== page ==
The Long Game of Creativity: If You Haven’t Created a Masterpiece at 30, You’re Not a Failure

Orson Welles direct­ed the great­est movie ever made, Cit­i­zen Kane, at age 25, with only a lim­it­ed knowl­edge of the medi­um. When Paul McCart­ney was 25, he, along with his fel­low Bea­t­les, released the era-defin­ing album Sgt. Pepper’s Lone­ly Hearts Club Band. By age 29, Pablo Picas­so rev­o­lu­tion­ized mod­ern art by devel­op­ing cubism.

If hear­ing such sto­ries sets off an exis­ten­tial pan­ic attack because you squan­dered your 20s with too much real­i­ty TV and grad­u­ate school, then take heart — you’re not nec­es­sar­i­ly a fail­ure.

As Adam West­brook points out in his video essay The Long Game, Leonar­do da Vin­ci was a total los­er before he paint­ed The Last Sup­per at age 46. As a youth, Leonar­do planned grandiose projects that he wouldn’t be able to fin­ish. This, of course, did lit­tle for his rep­u­ta­tion and even less for his career as a free­lance artist. But he con­tin­ued to work, eking out a liv­ing by endur­ing the demands of picky, small-mind­ed clients, and, through this lean peri­od, Leonar­do emerged a great artist. Robert Greene, in his book Mas­tery, calls this peri­od “The Dif­fi­cult Years.” Every suc­cess­ful cre­ative slogs through some form of the Dif­fi­cult Years, even child prodi­gies. Mozart just went through his strug­gles at a time when most chil­dren are learn­ing to read.

In oth­er words, “genius” has less to do with innate tal­ent than just doing the work. Of course, that isn’t near­ly as good a sto­ry as that of the roman­tic genius. But it is encour­ag­ing for those of us who haven’t quite yet won that MacArthur grant.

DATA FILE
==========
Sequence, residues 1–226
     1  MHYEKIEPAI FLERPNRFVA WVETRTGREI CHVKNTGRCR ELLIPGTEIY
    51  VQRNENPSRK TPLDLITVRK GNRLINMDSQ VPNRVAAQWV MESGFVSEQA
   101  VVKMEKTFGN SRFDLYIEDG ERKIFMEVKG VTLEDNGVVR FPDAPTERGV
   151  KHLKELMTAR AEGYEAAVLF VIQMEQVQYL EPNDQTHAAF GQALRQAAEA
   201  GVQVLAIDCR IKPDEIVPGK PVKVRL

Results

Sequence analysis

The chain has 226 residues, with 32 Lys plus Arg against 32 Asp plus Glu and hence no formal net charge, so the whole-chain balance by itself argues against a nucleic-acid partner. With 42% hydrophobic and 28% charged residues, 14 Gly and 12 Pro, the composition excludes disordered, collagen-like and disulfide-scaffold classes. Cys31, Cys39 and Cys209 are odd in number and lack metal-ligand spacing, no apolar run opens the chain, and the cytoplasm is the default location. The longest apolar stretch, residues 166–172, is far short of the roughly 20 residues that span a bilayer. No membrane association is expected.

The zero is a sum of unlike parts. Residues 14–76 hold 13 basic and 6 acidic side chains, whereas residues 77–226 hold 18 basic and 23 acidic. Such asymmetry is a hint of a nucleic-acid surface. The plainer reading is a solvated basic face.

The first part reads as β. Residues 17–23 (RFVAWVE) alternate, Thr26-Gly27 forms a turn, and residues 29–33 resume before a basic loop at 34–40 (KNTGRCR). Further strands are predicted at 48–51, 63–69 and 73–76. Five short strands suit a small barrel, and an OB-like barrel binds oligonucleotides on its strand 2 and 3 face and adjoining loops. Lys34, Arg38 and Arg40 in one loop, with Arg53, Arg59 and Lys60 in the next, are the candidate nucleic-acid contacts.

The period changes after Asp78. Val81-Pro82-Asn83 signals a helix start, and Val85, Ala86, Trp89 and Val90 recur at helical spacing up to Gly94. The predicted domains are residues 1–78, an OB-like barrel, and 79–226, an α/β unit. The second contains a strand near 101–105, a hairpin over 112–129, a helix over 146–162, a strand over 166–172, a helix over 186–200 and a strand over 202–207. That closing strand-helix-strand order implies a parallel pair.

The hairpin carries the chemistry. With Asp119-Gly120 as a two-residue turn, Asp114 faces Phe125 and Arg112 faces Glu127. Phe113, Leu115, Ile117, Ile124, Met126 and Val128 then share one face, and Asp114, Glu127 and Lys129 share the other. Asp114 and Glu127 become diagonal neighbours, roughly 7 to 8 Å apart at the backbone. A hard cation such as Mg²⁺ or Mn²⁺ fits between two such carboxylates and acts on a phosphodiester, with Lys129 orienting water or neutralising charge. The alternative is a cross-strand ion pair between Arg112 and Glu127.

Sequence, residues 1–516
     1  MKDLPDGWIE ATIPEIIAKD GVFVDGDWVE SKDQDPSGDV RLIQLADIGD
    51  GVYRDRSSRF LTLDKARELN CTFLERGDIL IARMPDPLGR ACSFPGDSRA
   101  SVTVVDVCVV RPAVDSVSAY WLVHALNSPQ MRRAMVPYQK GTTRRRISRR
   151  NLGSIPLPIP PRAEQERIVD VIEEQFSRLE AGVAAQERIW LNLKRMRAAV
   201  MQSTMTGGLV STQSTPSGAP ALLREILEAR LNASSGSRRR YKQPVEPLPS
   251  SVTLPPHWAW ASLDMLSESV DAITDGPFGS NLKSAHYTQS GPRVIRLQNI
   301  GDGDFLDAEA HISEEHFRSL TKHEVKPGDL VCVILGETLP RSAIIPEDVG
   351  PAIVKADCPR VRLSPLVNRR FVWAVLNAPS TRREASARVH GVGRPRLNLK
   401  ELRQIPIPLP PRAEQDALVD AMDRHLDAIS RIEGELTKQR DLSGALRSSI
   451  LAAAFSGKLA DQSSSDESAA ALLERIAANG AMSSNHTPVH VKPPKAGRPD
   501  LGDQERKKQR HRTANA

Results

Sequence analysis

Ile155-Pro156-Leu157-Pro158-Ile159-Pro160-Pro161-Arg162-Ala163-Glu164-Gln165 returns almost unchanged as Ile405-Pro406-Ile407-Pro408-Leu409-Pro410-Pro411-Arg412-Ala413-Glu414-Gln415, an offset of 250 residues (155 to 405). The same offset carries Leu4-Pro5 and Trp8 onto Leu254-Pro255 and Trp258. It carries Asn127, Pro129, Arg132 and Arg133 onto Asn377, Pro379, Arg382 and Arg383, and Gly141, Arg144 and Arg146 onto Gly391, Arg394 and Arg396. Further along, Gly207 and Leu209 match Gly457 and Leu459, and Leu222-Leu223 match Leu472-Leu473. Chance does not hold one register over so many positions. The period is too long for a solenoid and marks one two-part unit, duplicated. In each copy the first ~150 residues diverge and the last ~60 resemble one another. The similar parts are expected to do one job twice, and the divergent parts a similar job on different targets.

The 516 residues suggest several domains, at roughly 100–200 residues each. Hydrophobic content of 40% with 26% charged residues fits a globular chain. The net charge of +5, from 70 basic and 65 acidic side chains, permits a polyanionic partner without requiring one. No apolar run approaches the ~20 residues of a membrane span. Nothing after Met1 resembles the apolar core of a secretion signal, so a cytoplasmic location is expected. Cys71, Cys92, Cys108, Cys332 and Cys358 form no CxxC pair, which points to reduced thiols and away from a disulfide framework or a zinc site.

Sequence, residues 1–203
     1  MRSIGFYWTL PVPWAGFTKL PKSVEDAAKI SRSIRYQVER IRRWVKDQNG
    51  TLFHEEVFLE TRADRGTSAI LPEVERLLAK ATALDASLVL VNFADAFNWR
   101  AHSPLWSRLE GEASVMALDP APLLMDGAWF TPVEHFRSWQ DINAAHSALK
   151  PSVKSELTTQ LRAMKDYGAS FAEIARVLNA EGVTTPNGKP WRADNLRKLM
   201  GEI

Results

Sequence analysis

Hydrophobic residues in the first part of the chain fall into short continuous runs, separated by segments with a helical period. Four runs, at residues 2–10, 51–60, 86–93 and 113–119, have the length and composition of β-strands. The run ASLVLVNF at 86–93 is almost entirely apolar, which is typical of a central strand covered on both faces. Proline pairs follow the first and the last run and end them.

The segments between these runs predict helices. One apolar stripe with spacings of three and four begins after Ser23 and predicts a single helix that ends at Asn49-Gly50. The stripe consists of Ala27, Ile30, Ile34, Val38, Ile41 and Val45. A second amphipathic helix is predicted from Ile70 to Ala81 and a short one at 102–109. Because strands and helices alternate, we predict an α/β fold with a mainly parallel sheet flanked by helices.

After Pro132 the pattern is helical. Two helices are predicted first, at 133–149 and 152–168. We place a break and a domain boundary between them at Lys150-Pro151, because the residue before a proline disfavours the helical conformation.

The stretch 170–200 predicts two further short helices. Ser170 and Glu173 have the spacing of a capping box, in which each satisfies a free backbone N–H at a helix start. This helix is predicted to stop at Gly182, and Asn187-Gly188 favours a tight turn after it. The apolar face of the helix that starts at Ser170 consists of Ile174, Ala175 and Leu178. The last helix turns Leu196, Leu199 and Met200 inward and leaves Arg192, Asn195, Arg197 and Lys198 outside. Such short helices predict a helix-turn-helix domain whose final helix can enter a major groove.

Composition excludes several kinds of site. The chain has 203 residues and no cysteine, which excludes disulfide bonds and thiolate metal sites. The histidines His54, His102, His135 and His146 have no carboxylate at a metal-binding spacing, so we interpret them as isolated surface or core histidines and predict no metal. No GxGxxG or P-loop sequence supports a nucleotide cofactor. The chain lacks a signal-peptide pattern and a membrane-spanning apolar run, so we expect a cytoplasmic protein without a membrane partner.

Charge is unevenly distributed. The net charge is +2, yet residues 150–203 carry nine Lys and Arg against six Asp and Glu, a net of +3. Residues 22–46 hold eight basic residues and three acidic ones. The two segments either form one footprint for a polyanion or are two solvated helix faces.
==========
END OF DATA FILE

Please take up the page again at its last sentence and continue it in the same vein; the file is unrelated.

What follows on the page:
You can watch Westbrook’s video essay in var­i­ous parts above.

Relat­ed Con­tent:

David Lynch Explains How Med­i­ta­tion Enhances Our Cre­ativ­i­ty

Mal­colm McLaren: The Quest for Authen­tic Cre­ativ­i­ty

Mihaly Czik­szent­mi­ha­lyi Explains Why the Source of Hap­pi­ness Lies in Cre­ativ­i­ty and Flow, Not Mon­ey

Jonathan Crow is a Los Ange­les-based writer and film­mak­er whose work has appeared in Yahoo!, The Hol­ly­wood Reporter, and oth­er pub­li­ca­tions. You can fol­low him at @jonccrow. And check out his blog Veep­to­pus, fea­tur­ing lots of pic­tures of bad­gers and even more pic­tures of vice pres­i­dents with octo­pus­es on their heads.  The Veep­to­pus store is here.

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Comments (6)
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  • alexes says:

    good to hear. need­ed the inspi­ra­tion to keep at it — thanks!

  • Betty says:

    Thank you for re-tweet­ing this today. At 54, I won­der if what I do cre­ative­ly will ever real­ly mat­ter. But watch­ing this reminds me that the mak­ing of the art real­ly is enough. I real­ly do appre­ci­ate the reminder.

  • Dan Andersen-Denmark.An old bugger in your history with me. says:

    Ive said enough,theres got­ta be a lit­tle mys­tery left,or the inter­est fades!I love youre ongo­ing process.

  • Dan Andersen-Denmark.But what does submit mean?I am fairly good at engglish,but you lost me there!something aboput accepting? says:

    Ive said enough,theres got­ta be a lit­tle mys­tery left,or the inter­est fades!I love youre ongo­ing process.

  • Andrew says:

    This is total non­sense. Leonar­do was already work­ing for the Medici in his 20s and a decade before he paint­ed The Last Sup­per he was already Engi­neer and Painter to the Duke of Milan and had already pro­duced The Vir­gin of the Rocks and Lady with an Ermine. “Total Losers” do not get chushy gigs with the aris­toc­ra­cy.


    I pho­tographed Steve Busce­mi when I was in my 20’s
    And hon­est­ly not much has hap­pened since then as far as a liv­ing. But I keep on try­ing.

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